The ‘any other relevant matters’ is a catch-all provision, however, the following matters are likely to be relevant:
- The extent to which members who are at arm’s length to the private company have an interest in the super fund;
- The relationship between the super fund and the private company;
- The relationship between the super fund and any party with which the private company has dealings;
- Who the super fund acquired the shares from and the circumstances of that acquisition; and
- The rate of return on the super fund’s investment.
Trust income – no fixed entitlement
Income from a trust where the beneficiaries do not have a fixed entitlement to income is always NALI. If the trustee has discretion as to how income is to be distributed to beneficiaries, then there is no fixed entitlement. Accordingly, income from a discretionary family trust will always be NALI.
Trust income – fixed entitlement
Where the distribution of income from a trust to the beneficiaries is based on a fixed entitlement, the income will be NALI if:
- The income is derived from a scheme;
- The parties were not dealing on arm’s length terms; and
- The income is more than the super fund would be expected to derive if the parties had been dealing at arm’s length.
The Allen’s Asphalt case considered whether an entitlement to trust income was a fixed entitlement. The super fund received a distribution of $2,500,005 in 2002-03 which was received as a result of being the sole beneficiary of a fixed trust. The fixed trust received the distribution from a hybrid trust which sold an asset and made a $2,500,005 capital gain.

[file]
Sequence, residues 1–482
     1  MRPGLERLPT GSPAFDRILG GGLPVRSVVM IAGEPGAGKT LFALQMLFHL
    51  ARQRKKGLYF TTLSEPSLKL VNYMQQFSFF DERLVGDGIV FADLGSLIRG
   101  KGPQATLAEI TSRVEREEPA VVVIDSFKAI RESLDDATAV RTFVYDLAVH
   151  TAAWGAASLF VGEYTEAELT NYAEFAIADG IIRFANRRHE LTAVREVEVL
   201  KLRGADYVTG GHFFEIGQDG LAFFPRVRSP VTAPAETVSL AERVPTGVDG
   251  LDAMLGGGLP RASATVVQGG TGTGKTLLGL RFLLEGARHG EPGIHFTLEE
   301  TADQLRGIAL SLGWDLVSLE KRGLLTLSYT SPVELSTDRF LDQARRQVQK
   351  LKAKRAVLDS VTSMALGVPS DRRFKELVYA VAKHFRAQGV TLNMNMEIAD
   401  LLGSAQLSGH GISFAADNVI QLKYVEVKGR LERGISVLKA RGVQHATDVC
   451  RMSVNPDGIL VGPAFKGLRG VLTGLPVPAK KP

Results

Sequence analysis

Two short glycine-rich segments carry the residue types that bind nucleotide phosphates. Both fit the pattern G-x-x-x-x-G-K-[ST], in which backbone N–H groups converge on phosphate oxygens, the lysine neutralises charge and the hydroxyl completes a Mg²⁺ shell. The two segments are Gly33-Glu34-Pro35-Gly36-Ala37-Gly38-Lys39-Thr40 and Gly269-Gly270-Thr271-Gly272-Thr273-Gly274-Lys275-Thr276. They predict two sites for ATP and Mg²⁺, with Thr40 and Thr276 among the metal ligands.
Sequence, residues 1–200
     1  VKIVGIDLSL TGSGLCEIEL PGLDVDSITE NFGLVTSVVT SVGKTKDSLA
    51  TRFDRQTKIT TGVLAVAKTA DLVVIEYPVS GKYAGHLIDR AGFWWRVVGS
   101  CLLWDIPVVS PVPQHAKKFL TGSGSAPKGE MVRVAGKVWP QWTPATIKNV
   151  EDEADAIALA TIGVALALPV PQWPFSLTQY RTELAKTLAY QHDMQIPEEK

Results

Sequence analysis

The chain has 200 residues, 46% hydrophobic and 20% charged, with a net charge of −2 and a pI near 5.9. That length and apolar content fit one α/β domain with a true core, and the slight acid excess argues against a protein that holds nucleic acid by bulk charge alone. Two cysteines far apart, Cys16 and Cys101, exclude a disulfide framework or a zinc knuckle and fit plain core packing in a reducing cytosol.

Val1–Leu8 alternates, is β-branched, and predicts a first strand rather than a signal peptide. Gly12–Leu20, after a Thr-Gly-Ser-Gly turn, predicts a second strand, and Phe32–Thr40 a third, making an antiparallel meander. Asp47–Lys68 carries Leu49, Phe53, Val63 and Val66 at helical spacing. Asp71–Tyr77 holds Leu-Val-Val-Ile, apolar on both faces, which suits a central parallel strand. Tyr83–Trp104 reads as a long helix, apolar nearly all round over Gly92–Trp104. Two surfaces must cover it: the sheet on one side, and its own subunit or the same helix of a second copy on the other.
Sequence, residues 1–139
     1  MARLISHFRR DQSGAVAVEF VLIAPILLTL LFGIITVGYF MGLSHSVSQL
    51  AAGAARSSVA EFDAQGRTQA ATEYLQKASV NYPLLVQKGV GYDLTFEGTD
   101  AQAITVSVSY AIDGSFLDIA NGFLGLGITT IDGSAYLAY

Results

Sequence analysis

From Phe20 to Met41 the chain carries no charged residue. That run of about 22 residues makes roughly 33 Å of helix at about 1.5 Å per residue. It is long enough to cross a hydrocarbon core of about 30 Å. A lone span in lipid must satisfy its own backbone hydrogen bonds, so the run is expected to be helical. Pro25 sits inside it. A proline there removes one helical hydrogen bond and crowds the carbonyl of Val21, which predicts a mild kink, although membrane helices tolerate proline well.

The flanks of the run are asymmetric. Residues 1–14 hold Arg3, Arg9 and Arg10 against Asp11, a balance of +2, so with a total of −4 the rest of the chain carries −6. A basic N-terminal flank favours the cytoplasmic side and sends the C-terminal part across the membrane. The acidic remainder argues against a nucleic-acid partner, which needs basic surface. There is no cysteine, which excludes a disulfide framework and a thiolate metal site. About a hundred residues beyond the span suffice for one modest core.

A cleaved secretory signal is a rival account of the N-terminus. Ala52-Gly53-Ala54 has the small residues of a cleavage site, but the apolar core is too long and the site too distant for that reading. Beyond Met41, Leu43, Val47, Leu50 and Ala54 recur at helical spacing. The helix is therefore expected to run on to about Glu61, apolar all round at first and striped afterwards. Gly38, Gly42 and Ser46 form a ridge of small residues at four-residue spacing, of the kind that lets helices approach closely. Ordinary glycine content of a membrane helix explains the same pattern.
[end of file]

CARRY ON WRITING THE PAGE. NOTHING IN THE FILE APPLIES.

The commissioner determined that the fixed trust was a scheme and the $2,500,005 distribution was derived from a discretionary trust and therefore NALI. Accordingly, the income was taxed at 47 per cent.
Assessment of non-arm’s length income
The determination of income being NALI is a self-assessment process. If trustees are unsure, they may request a private binding ruling from the ATO.
Auditors will also review related party transactions and ensure any units or shares acquired have been acquired at market value. It is important for clients to keep records of such transactions that substantiate an arm’s length arrangement. Such records may include copies of trust deeds of unit trusts. In addition to the trust deed specifying whether distributions are fixed or discretionary entitlements, it is essential that the trustee behaves in accordance with the terms of the trust deed.
As with all private investment arrangements, it is important to ensure that the investment provisions of relevant superannuation law are complied with. SMSF trustees must thoroughly review all income received from dividends from private companies and distributions from trusts to determine whether it should be treated as NALI.
Julie Steed, senior technical services manager, IOOF